News that Lord Vaina’s government was drawing up plans to close the monasteries and nunneries of Eston reached the local abbots very quickly. Apparently, some members of Kunhalvar’s bureaucracy were believers in Eston and they leaked the news to their co-religionists – just as Lord Vaina had predicted.
The first abbot to arrive was from the Pure Thought Pure Mind monastery, located twenty tik southwest of Tokolas. Jori asked Sandun to stay by his side at the meeting. Jori sat on his governor’s chair, a rather large piece of furniture, painted bright blue and set on a small raised section of the floor. Sandun had seen Jori sit in it only one time before this day. The abbot, an older but still spry man wearing his formal robes and hood of folded cloth over his head was offered a smaller chair facing the governor.
The abbot, after some preliminary talk of blessings and praise for the governor’s wise administration, mentioned that he had heard a wild rumor that many, if not all the monasteries throughout Kunhalvar were going to be closed. He had come to hear the governor’s own words on this matter.
Lord Vaina made a show of looking over a set of papers, loosely bound, then he looked at the abbot sitting below him with mild eyes.
“My ministers have recommended that your residence, officially listed as home for fifty monks, be closed; but I see your neighbor, the Abode of the White Cloud will remain open. This report says the White Cloud monastery has just thirty elderly monks who are very strict in their observances and pray every day for the well-being of the world. Tell me, why shouldn’t I close your residence and leave the White Cloud open?”
The abbot followed Lord Vaina’s script as though he memorized his lines on the way over. His face grew red as he shook his head in denial. “Governor, I can assure you, the Abode of the White Cloud is nothing like your report says. They eat meat at least once a week! There are far more than thirty monks living there, young and old. Constant prayer? More like constant singing and drunkenness. If any monastery should be closed, let it be them. Those sad excuse for monks at the Dirty Cloud give a bad name to all proper monks that follow Eston’s teachings. We at Pure Thought Pure Mind are nothing like them.”
“Very well then, send evidence of what you say, and this decision will be reversed,” Lord Vaina told the abbot with his most sincere voice. “But I wonder why my officials were mistaken in this. Perhaps they were mis-informed, or deliberately deceived. I have the time, maybe I should inspect both the Pure Thought monastery and the White Cloud–today.”
As the Abbot considered Lord Vaina’s words, his face gradually took on a grayish hue and he swallowed hard. “My… my Lord, we would, of course, welcome your visit. But, give us time to prepare for your arrival. Things are not as… We are not ready to receive your august personage. We need to clean the premises.”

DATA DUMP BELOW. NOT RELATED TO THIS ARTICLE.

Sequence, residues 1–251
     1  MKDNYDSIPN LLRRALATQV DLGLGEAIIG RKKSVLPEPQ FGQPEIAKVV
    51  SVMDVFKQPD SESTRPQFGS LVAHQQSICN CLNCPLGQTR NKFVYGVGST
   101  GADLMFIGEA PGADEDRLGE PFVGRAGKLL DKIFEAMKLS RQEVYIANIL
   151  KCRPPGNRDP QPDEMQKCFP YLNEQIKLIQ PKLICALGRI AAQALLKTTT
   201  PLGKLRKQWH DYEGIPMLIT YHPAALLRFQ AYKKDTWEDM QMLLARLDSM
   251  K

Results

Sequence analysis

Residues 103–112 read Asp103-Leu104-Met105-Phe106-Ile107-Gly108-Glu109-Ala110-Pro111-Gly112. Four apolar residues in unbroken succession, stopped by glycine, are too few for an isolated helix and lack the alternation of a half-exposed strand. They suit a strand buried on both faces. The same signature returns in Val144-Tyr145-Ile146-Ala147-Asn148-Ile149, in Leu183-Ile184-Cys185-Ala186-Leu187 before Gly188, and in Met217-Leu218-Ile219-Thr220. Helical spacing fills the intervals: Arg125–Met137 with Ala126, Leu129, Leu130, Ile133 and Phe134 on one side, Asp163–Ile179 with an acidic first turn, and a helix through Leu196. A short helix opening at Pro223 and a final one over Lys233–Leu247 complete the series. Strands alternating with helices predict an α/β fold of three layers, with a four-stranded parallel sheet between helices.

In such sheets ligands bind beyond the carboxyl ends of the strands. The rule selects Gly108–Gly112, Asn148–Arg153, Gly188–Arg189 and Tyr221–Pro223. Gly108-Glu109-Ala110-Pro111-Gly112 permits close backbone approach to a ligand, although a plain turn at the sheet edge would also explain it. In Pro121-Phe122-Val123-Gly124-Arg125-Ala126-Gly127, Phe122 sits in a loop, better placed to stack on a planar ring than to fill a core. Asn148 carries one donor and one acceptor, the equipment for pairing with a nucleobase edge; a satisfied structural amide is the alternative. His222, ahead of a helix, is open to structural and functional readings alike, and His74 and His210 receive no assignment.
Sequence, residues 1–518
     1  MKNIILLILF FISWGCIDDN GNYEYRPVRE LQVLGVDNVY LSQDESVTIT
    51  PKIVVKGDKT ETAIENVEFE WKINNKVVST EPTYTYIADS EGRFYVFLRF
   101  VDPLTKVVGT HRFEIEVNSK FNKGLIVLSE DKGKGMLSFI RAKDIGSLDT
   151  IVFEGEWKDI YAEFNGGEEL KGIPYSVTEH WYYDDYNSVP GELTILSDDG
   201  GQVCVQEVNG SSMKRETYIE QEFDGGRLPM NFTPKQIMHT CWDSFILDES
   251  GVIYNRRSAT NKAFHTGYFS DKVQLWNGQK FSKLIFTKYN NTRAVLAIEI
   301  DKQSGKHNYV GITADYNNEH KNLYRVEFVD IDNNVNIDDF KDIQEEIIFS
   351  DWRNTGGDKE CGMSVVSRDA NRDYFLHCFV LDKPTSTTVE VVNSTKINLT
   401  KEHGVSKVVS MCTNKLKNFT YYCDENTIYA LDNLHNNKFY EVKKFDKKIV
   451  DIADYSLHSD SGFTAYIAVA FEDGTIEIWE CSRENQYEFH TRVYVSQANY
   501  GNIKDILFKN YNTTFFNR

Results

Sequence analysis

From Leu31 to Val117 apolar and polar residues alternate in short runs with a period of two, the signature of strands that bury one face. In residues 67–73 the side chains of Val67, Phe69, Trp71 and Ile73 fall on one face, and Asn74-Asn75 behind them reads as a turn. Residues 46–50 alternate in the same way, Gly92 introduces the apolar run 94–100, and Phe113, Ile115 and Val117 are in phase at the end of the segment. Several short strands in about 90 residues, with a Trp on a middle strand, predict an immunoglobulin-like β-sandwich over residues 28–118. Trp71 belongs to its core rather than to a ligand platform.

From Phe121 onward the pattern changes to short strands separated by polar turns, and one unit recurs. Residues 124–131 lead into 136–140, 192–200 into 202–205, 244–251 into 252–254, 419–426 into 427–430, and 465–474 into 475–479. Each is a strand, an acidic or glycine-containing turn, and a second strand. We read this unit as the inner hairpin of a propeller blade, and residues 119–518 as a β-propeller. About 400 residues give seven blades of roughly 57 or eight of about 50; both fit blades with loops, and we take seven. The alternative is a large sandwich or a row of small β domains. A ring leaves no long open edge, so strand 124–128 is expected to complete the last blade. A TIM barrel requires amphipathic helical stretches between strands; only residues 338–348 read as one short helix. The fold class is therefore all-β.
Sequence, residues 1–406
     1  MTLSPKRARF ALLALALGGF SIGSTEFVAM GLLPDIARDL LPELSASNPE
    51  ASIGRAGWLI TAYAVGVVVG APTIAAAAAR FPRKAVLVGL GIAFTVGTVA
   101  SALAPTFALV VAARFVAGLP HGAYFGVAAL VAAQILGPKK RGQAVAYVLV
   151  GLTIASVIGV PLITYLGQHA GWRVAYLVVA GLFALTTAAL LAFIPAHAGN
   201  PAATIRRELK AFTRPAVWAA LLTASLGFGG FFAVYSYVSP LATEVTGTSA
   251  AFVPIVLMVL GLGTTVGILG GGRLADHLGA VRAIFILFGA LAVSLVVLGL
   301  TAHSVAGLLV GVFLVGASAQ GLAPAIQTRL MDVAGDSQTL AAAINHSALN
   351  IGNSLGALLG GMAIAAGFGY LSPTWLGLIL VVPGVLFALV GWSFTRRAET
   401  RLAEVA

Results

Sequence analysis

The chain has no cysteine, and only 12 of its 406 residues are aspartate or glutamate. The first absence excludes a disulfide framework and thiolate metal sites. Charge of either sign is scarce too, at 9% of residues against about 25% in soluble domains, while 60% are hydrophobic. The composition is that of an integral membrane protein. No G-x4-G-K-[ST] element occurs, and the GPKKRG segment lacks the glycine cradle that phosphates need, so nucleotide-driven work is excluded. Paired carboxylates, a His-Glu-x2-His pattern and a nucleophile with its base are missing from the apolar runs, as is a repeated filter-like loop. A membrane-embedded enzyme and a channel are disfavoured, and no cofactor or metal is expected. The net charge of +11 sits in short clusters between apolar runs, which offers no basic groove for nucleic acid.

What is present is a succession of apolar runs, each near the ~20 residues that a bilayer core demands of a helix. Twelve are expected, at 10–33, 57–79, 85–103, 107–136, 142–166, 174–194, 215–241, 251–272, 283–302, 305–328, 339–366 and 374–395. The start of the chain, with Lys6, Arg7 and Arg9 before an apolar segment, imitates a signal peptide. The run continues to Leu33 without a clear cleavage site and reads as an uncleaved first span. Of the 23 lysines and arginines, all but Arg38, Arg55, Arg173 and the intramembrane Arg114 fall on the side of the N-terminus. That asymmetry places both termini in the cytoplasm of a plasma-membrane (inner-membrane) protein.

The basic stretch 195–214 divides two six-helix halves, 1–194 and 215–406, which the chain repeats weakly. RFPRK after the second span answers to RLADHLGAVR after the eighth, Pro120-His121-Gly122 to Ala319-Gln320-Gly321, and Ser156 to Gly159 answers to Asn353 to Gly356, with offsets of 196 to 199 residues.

“If my official reports are mistaken, then there is no time to lose. I cannot make my decisions based on false information. Scribe?”
“Yes Governor?” Lord Vaina’s recorder set his pen down with an expectant air.
“Send a command to the West Gate cavalry,” Jori said sharply. “I want one hundred horsemen ready in an hour. Guards?” His personal guards saluted him. “I require twenty men, mounted, here. Before the next bell.”
The abbot’s repeated entreaties to delay were ignored.
“Find the abbot a suitable place for him to meditate until I return. I do not doubt that when the truth of his words is revealed, he will have gained merit for honesty while others who have practiced deception will be punished.”
Sandun followed Jori as the Governor left the state hall, issuing more orders as he descended the stairs. Sandun saw that the sky was covered with clouds, and it appeared rain was likely in the afternoon. Still, he was looking forward to a brisk ride and visiting one of the monasteries of Eston which had captured Jori’s attention these last few days.
However, the abbot, seeing Lord Vaina’s determination, threw himself on the ground in front of the governor and begged for forgiveness.
“My lord! Please stop. Please! I have failed in my duties as leader of the Pure Thought monastery. I acknowledge that there are more men living at the residence than are allowed. And people have donated food to us which–which we are not allowed to consume. I will resign my position as abbot, let an older, holier man take my place. I beg you, do not punish all the monks at the Pure Thought monastery because of my errors.”
“And what of the Abode of the White Cloud?” Lord Vaina said cuttingly. “Is everything you said false? Or are my officials wrong about some monasteries but right about others?”
The abbot kept his face to the stone slabs and said nothing.
Speaking to his messenger, Lord Vaina said “My inspection is canceled for today. Inform Minister Udek that the Pure Thought Pure Mind monastery is to be closed with immediate effect. Take the former abbot here to the Ministry of Justice, I’m sure they will find a suitable job for him, perhaps pumping water out of the dry dock?”
As the dejected former abbot was led away, Jori said to Sandun “So it begins, the cleansing the monasteries! I tell you Sandun, this has been a secret desire of mine for years, hidden away, locked inside chambers of forbidden thoughts. But you don’t fear the priests of Eston. If a hundred priest gathered together in a room, chanting curses at you–you wouldn’t care, would you? Their words mean nothing!”